John Hunt (gentleman)

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Sir John Hunt (ca. 1550 – 1615) was an English gentleman from Rutland.


Hunt was the second son of John Hunt Esq., of Lyndon, Rutland; > his mother was Amy, daughter of Sir Thomas Cave of Stanford, Northamptonshire. He was born at Morcott in Rutland, was sent to Eton College, and then to King's College, Cambridge, where he was admitted a scholar 27 August 1565. He left the university without taking a degree.[1]

In the parliament which met 2 April 1571 a man of this name sat as member for Sudbury. If this is the same John Hunt, then he may have benefitted from the influence of a relation of his mother, Sir Ambrose Cave, Chancellor of the Duchy of Lancaster.[2] The History of Parliament does not link the Sudbury MP to any other identifiable person of the name.[3]

Of the total of £375 raised for the Queen's government by the landed gentry of Rutland in 1589, the most important proprietor, Sir John Harington, gave £100. Hunt gave £25, an indicator of real wealth. Hunt settled during the latter part of his life at Newton, Leicestershire.[2]

A man of some ability and attainments, he has been claimed to have led a somewhat profligate life. However, he was not the John Hunt, son of Henry Hunt and of Jane, the daughter of Aubrey deVere (son of the 15th Earl of Oxford, John de Vere) who in 1611 was accused by Elizabeth, dowager Countess of Oxford, of corrupting her young son Henry de Vere, 18th Earl of Oxford.[2]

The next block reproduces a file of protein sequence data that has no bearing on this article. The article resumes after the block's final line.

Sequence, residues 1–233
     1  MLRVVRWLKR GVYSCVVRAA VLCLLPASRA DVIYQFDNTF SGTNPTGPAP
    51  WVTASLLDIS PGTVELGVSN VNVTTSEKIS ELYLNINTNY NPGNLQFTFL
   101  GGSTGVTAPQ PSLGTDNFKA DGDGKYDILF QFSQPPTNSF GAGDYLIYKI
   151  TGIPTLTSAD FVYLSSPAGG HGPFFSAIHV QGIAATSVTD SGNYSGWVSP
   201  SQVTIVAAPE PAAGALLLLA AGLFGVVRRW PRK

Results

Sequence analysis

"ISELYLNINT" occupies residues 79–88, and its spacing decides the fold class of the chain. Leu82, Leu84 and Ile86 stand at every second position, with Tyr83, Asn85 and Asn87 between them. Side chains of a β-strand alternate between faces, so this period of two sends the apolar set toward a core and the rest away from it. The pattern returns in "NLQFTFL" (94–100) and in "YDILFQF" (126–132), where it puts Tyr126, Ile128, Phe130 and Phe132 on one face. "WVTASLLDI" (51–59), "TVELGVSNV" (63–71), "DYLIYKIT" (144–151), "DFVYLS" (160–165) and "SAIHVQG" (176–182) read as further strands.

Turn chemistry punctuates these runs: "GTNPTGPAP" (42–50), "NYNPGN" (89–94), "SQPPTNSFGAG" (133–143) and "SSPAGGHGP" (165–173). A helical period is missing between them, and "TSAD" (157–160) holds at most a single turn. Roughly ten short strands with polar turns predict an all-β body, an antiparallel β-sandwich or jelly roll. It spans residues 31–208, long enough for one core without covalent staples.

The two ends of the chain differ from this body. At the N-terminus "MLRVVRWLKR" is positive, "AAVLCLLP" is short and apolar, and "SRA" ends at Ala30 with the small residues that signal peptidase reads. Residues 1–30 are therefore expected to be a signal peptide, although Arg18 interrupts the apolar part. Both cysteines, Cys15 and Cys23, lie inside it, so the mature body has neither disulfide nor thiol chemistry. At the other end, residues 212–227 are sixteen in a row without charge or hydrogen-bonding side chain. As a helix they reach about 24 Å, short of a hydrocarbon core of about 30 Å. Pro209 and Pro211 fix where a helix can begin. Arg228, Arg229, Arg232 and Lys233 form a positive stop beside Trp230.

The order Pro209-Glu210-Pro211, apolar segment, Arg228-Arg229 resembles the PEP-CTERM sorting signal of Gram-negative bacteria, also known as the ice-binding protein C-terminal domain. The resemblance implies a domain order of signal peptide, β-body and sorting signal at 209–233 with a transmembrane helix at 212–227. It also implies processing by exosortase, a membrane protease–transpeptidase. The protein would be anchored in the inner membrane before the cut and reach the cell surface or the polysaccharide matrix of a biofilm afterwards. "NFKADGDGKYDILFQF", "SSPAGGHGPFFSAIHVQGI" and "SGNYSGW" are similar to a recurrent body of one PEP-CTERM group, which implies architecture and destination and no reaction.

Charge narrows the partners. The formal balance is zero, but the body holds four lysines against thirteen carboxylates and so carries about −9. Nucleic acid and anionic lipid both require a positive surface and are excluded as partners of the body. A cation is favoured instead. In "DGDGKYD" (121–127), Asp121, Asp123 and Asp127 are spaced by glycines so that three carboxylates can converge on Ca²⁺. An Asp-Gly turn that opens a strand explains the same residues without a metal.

In the same year, 10 November, Hunt was knighted at Whitehall by James I. A nephew, William Le Hunt of Gray's Inn, was called to the degree of Serjeant of law in Trinity term 1688.[2]


  • Latin epigrams in collection presented by the scholars of Eton to Queen Elizabeth at Windsor Castle, 1563.
  • Latin verses in commendation of Anne, countess of Oxford, 1588, Lansdowne MS. civ. art. 78.


  1. ^ "Hunt, John (HNT565J)". A Cambridge Alumni Database. University of Cambridge. 
  2. ^ a b c d Stephen Wright, 'Hunt, Sir John (1548/9–c.1615), gentleman' in Oxford Dictionary of National Biography, OUP, 2003
  3. ^ "Hunt, John, History of Parliament Online". Retrieved 17 March 2016. 

 This article incorporates text from a publication now in the public domain"Hunt, John (1550?-1615)". Dictionary of National Biography. London: Smith, Elder & Co. 1885–1900.